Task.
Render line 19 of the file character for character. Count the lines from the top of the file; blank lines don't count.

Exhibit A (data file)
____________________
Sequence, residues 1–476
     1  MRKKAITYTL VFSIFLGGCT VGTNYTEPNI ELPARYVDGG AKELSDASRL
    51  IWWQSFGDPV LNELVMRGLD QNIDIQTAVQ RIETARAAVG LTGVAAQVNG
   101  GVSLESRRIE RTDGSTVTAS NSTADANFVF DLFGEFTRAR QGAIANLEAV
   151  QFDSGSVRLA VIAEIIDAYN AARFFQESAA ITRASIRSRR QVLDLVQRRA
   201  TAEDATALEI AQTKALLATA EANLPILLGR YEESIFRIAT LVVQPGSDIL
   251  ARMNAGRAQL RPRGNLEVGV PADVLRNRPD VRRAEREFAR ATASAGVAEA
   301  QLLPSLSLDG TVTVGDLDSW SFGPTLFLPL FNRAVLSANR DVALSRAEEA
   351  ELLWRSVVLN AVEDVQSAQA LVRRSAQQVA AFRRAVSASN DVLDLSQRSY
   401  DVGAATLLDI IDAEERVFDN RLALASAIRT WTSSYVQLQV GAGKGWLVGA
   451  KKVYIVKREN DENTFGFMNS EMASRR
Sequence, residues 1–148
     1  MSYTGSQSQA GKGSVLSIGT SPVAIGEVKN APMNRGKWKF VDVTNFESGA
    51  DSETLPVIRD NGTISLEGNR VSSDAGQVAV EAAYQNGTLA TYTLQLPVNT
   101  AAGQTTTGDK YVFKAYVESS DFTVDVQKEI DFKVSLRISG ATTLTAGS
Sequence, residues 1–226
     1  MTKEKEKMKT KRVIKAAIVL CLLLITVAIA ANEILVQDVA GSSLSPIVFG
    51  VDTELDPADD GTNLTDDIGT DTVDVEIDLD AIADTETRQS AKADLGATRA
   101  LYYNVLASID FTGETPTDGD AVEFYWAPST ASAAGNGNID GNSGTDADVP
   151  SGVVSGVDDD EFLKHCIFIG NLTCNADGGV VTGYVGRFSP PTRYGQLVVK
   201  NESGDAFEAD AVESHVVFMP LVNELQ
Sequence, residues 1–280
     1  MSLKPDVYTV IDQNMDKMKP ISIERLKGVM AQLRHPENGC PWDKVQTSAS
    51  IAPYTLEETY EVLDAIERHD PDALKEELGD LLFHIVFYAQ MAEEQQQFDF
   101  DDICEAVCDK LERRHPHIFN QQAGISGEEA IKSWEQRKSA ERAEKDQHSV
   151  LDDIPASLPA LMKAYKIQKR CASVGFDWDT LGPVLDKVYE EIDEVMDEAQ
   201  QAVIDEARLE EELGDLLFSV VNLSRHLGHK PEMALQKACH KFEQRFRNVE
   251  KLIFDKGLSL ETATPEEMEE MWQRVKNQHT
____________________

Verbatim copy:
   101  LYYNVLASID FTGETPTDGD AVEFYWAPST ASAAGNGNID GNSGTDADVP